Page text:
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Asset Protection: Life Insurance
Life insurance, if properly utilized, can be a powerful estate planning tool. Instant estates can be created through the purchase of a life insurance policy. Life insurance proceeds are income tax free and if held correctly, and the death benefit will pass estate tax free, as well as probate free. Life Insurance is often utilized to provide liquid assets that are available to pay estate and inheritance taxes, debts, and other estate expenses. It is also used to provide replacement income for the family you leave behind, or to benefit your favorite charity, or to replace the cost of nursing home care.
A Whole Life Policy should be seen as more than just a death benefit. The owner of the policy can benefit from it while he/she or it (in the case of a Trust) is alive. A Whole Life Policy is an asset. You can use the cash value (equity) built up in the policy for loans. You can borrow money from your policy without going through the hassle of the cumbersome loan application process. You can also use the cash value of the policy to pay the premiums on the policy, which is especially helpful if you find yourself temporarily or permanently disabled. In effect, your whole life policy can become self funded during a period of incapacity. Furthermore, in most cases the equity built up in your life insurance policy is not subject to creditor claims of either the insured or the policy owner.
At the beginning of this book we discussed Wills and Will Contests. If you are concerned about the possibility of a Will Contest, life insurance can be a useful tool. Life insurance, if positioned properly, passes outside of your probate estate and thus cannot be contested like a Will. You can ensure your assets get into the hands of the people you want to be your beneficiaries, free from a potential Will Contest. In addition to passing outside of the probate estate, properly positioned life insurance will pass outside your taxable estate (See our discussion about Irrevocable Life Insurance Trusts.)
Life insurance can also be utilized to fund your family’s charitable endeavors. This can be done by purchasing a life insurance policy and naming a charity as the beneficiary. The charity will receive the death benefit (when the insured passes away) tax free and free from probate proceedings. There are also tax benefits to naming a charity as beneficiary of your life insurance policy. You are eligible for a charitable deduction equal to 100% of your premium payments, with certain limitations. This has the practical effect of letting you donate large sums of money for pennies on the dollar. It is certainly more bang for your charitable buck.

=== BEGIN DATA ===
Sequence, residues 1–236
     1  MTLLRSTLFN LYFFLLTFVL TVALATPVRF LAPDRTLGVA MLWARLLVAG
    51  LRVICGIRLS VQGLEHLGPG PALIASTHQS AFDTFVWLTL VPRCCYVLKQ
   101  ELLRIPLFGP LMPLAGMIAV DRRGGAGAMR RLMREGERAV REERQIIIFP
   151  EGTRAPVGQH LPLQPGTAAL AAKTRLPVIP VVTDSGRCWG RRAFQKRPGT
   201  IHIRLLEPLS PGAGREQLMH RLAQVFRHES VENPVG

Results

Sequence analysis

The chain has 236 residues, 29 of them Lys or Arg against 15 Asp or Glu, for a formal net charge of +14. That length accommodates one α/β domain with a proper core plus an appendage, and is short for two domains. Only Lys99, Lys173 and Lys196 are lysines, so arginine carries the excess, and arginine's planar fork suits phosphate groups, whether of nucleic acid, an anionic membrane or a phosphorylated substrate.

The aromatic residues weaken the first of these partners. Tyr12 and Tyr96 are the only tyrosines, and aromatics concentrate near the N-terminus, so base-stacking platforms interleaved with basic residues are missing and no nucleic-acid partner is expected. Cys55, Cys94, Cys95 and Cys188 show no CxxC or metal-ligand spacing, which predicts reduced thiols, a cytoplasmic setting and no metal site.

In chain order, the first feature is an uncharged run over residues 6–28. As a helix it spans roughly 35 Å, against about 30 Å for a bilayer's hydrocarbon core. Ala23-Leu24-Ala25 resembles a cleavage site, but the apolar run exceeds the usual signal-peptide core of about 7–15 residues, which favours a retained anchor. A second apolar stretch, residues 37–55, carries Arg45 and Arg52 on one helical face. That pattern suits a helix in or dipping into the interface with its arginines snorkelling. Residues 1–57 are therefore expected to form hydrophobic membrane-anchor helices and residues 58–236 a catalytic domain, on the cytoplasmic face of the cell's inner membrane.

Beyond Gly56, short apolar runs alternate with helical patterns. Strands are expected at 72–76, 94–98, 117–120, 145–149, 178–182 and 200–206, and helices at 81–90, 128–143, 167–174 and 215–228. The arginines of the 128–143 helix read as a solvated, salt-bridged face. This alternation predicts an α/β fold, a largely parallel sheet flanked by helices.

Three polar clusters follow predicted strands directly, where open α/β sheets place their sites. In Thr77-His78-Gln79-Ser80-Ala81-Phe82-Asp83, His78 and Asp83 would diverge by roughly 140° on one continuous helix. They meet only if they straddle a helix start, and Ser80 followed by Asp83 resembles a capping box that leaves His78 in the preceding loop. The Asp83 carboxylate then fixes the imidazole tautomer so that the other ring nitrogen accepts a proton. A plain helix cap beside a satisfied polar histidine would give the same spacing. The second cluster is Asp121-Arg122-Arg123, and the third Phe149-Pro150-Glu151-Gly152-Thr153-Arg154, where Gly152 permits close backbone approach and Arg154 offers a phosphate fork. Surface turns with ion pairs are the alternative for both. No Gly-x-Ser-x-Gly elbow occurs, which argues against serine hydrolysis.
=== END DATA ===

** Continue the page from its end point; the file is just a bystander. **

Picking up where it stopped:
If you are “insurable” (meaning healthy enough for a life insurance company to take a risk by insuring you) life insurance is a great tool to “gross up” your estate. Imagine creating an instant estate at your death. Your grossed up estate can be used to fund many different plans. Some folks use this tool to create parity between their children when a family business is involved. We are all familiar with the situation where one child remains in the family business and the other does not. When parents are planning their estate there is often a desire to create equal shares among their children. This presents a problem. One child has dedicated himself/herself to the family business, helped it grow, and now is going to have to give up half of the business and control of the business to his/her sibling who chose not to be involved. The division of assets certainly may be equal, but might not be equitable in this situation. By grossing up your estate with life insurance there will be enough cash on hand to give one child the business, and the other the cash equivalent. This is an important tool in preserving family harmony long after you are gone.
Grossing up the estate can also be a useful tool in financially lopsided marriages, especially in the blended family sense. It is quite common to have a marriage where one spouse brings a lot more to the table financially. Typically, each spouse will have children from a previous marriage. If each child inherits from their respective parents there could be quite a financial gap in how the children are treated. If the inheritance is spread equally there could be some bad feelings on the part of the children who feel that they had to give up some of their inheritance to a step-sibling. This problem can be solved through the use of life insurance. The life insurance benefit can be utilized to equalize the estate of both of the parents, ensuring equal treatment of the children.
Life insurance is a valuable estate planning tool. Care needs to be used when using life insurance. Shop around. Ask many questions. Read the fine print. Do not commit to a policy until all of your questions are answered to your satisfaction.
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Estate Planning • Asset Protection • Charitable Planning • Probate Administration • Medicaid Planning • Premarital Planning